Most scenes, as individual set pieces, seem well written,  very well acted (Bill Skarsgard is quite effective indeed as Pennywise the Evil Clown), and the majority of scenes have their scares. There are moments when Pennywise makes his move to take down a victim, coming at us face on, that are strikingly, chillingly constructed, a sort of rapid-pace montage of rapacity. The climactic scene is nicely constructed…The girl who plays Beverly is wonderfully charismatic, and is the boldest and most empathetic of the group, a good role model for young women. The cinematography, creature effects, shot composition, art design, is all high quality, sometimes exquisite. And the script does seem very Stephen King inspired. However…
      I know, there are a lot of characters to juggle, you can only fit so much in, but if that’s the challenge, rise to it. Work harder. Say more with less if you have to, but include what you need to make it flow…As it is the film feels herky-jerky, and there failures of internal logic, as after hugely horrific incidents the group of kids are often flirting or kidding around when they should be much more devastated. And there are a lot of threads that are not followed up. I’m sure it was all more cohesive in the novel. And I see that this is designated Chapter One, so a sequel is planned, which may knit the first film into an overall weave–much more from the King novel. (Which I haven’t read, but I’m aware it’s a huge book.) If I were giving the film as a whole a rating using stars–I’d say overall, IT is a two and a half or three star movie. But if I were giving stars just for acting, visuals, production values, pacing (it’s 135 minutes but didn’t seem too long), soundtrack, I’d give it four stars.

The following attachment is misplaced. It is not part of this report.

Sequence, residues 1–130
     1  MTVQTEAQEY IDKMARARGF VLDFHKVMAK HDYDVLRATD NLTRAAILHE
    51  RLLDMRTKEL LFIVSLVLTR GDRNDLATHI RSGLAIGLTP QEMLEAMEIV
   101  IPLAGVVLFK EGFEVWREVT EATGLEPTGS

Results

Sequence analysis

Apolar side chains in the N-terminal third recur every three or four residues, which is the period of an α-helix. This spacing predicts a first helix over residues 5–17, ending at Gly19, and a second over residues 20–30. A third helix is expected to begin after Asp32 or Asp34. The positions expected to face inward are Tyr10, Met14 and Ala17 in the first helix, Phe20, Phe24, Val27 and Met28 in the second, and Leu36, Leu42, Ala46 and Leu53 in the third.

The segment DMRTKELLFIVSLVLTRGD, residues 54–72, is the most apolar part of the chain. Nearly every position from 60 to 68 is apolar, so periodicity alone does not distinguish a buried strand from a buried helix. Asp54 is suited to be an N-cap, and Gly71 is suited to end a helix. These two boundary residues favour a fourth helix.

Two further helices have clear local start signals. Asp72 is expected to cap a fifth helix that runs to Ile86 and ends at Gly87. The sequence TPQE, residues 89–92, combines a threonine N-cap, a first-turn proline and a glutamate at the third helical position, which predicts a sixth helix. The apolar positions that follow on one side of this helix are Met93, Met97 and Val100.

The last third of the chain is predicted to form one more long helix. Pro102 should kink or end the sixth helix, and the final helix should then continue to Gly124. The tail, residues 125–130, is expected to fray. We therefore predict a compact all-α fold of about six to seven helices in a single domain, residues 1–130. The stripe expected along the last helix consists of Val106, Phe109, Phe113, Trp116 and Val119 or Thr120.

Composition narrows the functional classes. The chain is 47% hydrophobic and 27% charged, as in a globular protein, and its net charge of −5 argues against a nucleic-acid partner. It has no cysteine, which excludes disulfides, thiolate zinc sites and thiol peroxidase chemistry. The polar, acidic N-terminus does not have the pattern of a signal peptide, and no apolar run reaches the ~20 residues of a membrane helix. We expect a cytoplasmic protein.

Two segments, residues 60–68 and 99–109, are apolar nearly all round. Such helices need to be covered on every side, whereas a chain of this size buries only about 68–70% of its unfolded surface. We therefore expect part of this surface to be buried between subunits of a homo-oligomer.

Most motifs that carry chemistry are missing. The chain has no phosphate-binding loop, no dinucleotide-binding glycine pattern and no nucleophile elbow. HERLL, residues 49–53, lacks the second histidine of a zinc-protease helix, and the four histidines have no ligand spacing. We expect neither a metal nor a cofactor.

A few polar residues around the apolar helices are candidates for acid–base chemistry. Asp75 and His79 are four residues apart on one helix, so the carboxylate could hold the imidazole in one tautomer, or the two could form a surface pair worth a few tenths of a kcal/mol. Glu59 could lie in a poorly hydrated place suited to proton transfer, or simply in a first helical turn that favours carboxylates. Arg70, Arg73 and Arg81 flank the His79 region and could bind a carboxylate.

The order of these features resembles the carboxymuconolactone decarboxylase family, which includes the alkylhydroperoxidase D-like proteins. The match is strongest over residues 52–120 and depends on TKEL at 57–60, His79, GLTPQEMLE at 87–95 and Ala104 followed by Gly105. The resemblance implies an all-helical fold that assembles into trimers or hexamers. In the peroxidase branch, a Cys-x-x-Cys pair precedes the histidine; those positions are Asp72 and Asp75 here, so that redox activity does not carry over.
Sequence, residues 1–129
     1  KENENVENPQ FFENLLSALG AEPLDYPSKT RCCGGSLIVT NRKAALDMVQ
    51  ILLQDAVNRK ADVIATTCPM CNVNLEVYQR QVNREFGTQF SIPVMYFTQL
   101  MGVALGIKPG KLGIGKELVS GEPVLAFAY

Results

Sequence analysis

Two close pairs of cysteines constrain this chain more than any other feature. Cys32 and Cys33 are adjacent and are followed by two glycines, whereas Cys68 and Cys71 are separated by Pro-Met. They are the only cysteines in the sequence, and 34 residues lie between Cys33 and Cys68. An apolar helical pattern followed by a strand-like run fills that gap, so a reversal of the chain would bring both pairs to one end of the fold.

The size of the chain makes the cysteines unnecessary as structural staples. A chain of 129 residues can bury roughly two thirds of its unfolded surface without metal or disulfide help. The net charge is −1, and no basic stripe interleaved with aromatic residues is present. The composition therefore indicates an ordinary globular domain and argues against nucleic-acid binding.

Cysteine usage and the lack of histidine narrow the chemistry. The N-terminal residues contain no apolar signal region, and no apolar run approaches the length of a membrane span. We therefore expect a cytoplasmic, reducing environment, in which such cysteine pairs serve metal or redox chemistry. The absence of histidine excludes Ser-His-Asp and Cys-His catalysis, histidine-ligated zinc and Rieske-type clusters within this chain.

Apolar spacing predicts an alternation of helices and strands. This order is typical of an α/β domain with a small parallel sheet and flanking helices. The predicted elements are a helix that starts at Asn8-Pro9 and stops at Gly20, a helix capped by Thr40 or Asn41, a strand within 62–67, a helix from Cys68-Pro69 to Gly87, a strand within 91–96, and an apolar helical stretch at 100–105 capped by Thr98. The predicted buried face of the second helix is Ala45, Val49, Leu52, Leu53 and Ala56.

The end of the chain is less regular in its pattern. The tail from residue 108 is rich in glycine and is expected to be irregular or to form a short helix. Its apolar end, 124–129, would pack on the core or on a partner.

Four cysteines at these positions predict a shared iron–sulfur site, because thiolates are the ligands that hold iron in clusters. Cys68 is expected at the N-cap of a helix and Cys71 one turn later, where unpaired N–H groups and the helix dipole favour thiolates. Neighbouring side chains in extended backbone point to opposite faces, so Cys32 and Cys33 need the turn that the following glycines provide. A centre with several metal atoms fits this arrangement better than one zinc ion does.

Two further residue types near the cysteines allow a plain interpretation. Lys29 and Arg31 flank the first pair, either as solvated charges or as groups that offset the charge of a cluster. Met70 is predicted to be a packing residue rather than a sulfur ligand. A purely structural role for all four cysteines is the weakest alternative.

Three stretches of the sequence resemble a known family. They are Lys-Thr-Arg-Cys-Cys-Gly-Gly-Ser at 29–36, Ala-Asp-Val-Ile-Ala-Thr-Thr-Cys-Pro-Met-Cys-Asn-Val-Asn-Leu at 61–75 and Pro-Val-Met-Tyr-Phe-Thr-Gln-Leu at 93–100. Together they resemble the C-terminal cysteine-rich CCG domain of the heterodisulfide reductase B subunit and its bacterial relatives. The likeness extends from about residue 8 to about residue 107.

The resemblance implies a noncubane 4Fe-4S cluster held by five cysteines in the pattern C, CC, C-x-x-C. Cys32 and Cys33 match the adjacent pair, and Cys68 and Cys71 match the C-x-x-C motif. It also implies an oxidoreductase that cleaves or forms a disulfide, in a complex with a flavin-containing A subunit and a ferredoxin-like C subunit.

You can call the following a spoiler if you like, but I don’t think so, it won’t mean anything to anyone but those who’ve seen the film: That bit near the end “the kids are floating down”–and then nothing more. That whole aspect is never resolved. What happened to the souls or ghosts of the murdered children? We never learn. Also the kids in the group  don’t explain anything to the town. No one in authority is sent down into the well. Does the book resolve this stuff?